April 28, 2009
What is a secular Catholic? - People unaffiliated with a religious tradition often found to harbor interest in faith and religion - Migrants as pawns in complex economic system - Protecting the environment means protecting the poor - and more
In this edition:
1. St. Francis pledge to protect creation and the poor.
2. What exactly is a secular Catholic?
3. Why people leave the religious tradition of their childhood.
4. Current quotes to ponder: a) What will they say when the history of this economic crisis is written? b) The 2009 U.S. ordination class.
5. The pope gives greed its due.
6. Vatican voice at explosive anti-racism conference.
7. Migrants: Pawns in economic system that expropriates their work ethic.
1. St. Francis Pledge to Protect Creation and the Poor
A Catholic Climate Covenant was launched April 21, Earth Day, by the Catholic Coalition on Climate Change. During a press conference in the U.S. capital, Bishop William Skylstad of Spokane, Wash., emphasized the "two fundamental principles and religious obligations" underlying the covenant:
a) "To care for God's creation."
b) "To do so in ways that protect and care for the poor and vulnerable."
A key element of the covenant invites Catholics to take the St. Francis Pledge to Protect Creation and the Poor. It is possible to take the pledge online at the coalition's Web site (www.catholicsandclimatechange.org). Individuals, families and groups all may sign it, pledging to:
-- "Pray and reflect on the duty to care for God's creation and protect the poor and vulnerable.
-- "Learn about and educate others on the causes and moral dimensions of climate change.
-- "Assess how we - as individuals and in our families, parishes and other affiliations - contribute to climate change by our own energy use, consumption, waste, etc.
-- "Act to change our choices and behaviors to reduce the ways we contribute to climate change.
-- "Advocate for Catholic principles and priorities in climate change discussions and decisions, especially as they impact those who are poor and vulnerable."
Bishop Skylstad, a former president of the U.S. Conference of Catholic Bishops, said the covenant and pledge are "not just one more environmental message or one more plea to serve those in need." Instead, he said, this is "an urgent call and a different message: How do we as a Catholic community and as a nation tread more lightly and act more boldly in the face of unfolding climate change?"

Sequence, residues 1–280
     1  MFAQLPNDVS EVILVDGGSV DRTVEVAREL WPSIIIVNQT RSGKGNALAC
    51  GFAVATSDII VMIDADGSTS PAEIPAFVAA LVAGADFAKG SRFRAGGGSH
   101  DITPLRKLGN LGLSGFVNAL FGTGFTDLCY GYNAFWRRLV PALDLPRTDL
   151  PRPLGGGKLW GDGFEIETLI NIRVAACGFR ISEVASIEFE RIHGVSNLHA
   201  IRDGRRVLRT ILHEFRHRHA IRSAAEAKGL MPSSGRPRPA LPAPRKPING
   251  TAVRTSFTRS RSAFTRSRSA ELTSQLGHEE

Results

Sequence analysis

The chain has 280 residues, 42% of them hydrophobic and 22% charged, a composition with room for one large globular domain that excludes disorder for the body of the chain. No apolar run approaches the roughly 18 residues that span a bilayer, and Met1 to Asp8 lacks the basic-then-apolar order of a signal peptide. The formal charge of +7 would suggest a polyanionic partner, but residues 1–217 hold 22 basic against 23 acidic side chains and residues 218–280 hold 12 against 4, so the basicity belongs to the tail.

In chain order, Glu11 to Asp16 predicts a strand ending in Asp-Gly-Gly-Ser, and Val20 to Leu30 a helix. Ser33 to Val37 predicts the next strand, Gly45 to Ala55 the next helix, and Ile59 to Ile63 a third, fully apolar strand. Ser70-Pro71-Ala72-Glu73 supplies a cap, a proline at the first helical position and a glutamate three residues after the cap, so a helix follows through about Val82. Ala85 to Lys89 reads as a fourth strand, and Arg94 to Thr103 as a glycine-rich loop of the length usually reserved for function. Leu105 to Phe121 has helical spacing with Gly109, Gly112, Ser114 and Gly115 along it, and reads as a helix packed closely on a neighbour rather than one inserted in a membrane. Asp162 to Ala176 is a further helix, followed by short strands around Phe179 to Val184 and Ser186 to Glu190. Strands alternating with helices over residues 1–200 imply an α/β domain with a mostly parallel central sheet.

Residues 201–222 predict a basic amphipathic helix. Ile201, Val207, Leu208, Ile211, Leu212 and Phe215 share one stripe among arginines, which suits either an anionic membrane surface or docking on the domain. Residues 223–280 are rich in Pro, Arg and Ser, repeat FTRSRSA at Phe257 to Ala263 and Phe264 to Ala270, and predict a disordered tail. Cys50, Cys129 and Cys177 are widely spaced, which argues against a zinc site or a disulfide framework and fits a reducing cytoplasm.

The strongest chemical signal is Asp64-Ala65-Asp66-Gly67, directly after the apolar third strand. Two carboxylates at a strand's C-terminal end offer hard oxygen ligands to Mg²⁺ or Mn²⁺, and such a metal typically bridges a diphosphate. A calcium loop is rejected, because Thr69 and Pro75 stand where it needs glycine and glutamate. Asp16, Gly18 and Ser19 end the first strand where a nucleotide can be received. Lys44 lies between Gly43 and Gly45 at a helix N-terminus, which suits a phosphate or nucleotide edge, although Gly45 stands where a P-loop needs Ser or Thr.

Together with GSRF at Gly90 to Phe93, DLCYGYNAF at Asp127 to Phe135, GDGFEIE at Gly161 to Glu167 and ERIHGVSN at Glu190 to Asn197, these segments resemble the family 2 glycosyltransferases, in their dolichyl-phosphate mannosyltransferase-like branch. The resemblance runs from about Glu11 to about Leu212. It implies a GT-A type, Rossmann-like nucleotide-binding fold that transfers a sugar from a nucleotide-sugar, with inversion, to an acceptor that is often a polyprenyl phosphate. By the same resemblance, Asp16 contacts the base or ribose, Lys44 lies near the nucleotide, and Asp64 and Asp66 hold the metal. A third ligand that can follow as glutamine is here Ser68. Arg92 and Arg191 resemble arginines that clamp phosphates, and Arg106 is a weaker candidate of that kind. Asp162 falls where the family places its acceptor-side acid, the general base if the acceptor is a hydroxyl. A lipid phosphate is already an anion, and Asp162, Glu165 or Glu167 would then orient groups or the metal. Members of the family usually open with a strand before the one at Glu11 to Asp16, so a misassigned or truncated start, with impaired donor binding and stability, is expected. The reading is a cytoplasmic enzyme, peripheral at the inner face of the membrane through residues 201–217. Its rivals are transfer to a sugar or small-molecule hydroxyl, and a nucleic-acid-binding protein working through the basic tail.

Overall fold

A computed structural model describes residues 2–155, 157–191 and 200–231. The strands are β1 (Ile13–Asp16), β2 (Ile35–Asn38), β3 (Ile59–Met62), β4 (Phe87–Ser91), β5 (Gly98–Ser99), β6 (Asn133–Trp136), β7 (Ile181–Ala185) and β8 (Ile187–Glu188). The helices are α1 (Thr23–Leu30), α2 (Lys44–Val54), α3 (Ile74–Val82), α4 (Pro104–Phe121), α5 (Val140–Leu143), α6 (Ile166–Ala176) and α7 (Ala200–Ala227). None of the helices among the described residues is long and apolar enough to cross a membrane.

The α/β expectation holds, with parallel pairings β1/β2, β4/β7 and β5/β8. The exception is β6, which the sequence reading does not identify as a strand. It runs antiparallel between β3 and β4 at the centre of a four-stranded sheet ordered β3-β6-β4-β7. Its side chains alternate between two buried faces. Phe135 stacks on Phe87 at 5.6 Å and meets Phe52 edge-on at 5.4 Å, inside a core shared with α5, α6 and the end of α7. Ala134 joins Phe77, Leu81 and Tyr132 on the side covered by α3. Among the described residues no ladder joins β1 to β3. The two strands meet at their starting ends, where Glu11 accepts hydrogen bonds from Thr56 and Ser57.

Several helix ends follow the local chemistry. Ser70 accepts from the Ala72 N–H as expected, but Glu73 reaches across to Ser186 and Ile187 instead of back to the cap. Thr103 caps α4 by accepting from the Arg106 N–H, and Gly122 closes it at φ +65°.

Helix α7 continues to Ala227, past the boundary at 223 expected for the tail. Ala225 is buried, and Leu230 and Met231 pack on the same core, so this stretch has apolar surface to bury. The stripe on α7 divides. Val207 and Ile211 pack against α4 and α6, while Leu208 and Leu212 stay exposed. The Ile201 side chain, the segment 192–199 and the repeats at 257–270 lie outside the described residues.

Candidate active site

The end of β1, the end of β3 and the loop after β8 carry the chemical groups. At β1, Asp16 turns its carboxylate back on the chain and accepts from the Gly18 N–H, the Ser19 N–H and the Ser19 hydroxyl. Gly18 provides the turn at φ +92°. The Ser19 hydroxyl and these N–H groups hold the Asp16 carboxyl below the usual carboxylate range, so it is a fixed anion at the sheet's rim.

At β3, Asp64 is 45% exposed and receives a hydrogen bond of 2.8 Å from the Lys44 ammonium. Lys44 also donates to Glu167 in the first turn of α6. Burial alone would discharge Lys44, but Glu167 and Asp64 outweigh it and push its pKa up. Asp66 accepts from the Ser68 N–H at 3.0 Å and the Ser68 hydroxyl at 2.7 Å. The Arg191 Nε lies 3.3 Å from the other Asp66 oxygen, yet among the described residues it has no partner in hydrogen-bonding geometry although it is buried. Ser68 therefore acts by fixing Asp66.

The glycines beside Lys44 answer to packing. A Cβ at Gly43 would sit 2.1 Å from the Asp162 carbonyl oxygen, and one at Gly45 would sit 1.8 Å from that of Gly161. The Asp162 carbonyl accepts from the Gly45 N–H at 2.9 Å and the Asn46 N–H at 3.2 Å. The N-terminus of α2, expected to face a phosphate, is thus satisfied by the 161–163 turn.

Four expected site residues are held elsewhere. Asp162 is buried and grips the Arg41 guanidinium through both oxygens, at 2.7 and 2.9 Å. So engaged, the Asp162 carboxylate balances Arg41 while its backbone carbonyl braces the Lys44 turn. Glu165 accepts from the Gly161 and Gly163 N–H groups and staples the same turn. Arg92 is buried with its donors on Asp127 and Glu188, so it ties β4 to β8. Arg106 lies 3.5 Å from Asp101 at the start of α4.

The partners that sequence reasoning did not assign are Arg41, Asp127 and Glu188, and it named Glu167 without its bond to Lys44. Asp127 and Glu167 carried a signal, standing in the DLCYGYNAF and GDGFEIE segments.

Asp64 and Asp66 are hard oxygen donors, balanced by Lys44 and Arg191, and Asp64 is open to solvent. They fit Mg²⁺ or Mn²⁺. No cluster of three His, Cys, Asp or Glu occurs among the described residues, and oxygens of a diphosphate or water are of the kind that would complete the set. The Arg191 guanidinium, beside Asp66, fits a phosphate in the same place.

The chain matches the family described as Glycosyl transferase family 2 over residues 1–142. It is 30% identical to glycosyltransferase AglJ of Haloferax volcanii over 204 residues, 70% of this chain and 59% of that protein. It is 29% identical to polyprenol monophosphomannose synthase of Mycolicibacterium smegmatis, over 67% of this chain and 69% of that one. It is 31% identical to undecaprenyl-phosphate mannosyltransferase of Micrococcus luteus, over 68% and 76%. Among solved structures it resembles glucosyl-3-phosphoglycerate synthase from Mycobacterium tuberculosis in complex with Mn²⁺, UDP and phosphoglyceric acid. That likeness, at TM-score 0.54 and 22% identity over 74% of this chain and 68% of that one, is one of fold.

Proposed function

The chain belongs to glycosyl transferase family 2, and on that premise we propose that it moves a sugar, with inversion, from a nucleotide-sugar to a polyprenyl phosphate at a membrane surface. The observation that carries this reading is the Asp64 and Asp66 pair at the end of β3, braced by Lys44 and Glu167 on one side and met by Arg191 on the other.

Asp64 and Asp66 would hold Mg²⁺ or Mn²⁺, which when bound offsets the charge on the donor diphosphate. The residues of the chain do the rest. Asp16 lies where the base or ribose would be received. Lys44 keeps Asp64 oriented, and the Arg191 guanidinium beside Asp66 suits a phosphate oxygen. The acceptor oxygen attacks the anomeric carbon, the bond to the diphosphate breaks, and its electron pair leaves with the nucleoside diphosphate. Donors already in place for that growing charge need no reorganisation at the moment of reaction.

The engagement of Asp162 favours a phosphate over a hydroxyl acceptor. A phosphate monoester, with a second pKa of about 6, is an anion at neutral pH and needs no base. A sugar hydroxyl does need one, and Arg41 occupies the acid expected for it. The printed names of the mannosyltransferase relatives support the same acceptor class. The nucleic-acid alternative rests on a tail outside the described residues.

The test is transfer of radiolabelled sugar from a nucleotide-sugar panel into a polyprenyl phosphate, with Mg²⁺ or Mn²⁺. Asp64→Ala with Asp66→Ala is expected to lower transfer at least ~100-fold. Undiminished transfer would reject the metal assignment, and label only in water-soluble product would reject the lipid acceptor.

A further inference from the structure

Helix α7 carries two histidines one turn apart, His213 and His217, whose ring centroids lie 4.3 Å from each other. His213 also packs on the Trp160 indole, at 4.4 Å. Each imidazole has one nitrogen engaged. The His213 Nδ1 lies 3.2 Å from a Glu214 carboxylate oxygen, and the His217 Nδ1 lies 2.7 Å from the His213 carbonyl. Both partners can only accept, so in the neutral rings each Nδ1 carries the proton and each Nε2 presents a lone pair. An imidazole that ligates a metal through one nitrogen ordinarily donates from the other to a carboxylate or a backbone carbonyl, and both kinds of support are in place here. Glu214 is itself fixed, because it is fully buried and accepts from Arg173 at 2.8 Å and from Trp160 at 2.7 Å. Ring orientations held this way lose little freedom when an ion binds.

John Zogby, the noted pollster, participated in the Washington press conference by telephone from Europe. Citing results of a just-completed poll of Catholics, Zogby said that by overwhelming margins they see care for creation and care for the poor as religious obligations and moral responsibilities. He added that more than two-thirds of Catholics see the impact of climate change on the poor and the vulnerable as a serious moral issue.
Writing in the April 20-27, 2009, edition of America magazine, Bishop Skylstad said that "the moral and human dimensions are often neglected or missing in the dialogue over how to respond to climate change." As a result, "the Catholic community and its interfaith partners have a duty to speak for the voiceless and to bring together issues of social justice and environmental stewardship."
The partners and sponsors of the Catholic Coalition on Climate Change are the U.S. Conference of Catholic Bishops, Catholic Charities USA, the Catholic Health Association of the United States, Catholic Relief Services and the National Catholic Educational Association. Other national Catholic organizations are active participants in the coalition's undertakings.
2. What Is a Secular Catholic?
Secular Catholics are people who were raised Catholic but who "cannot find Catholicism as their central life project," according to Tom Beaudoin, associate professor of theology at the Graduate School of Religion and Religious Education at Jesuit-run Fordham University in New York. Secular Catholics, he said, are "occasional Mass attenders, rare Mass attenders or never Mass attenders."
Beaudoin examined what a secular Catholic is and is not during a March 26 symposium in New York City marking the 25th anniversary of the National Pastoral Life Center. The text of his remarks appears in the April 30 edition of Origins, CNS Documentary Service. The symposium's theme was, "St. Paul Speaks to Pastoral Leaders Today."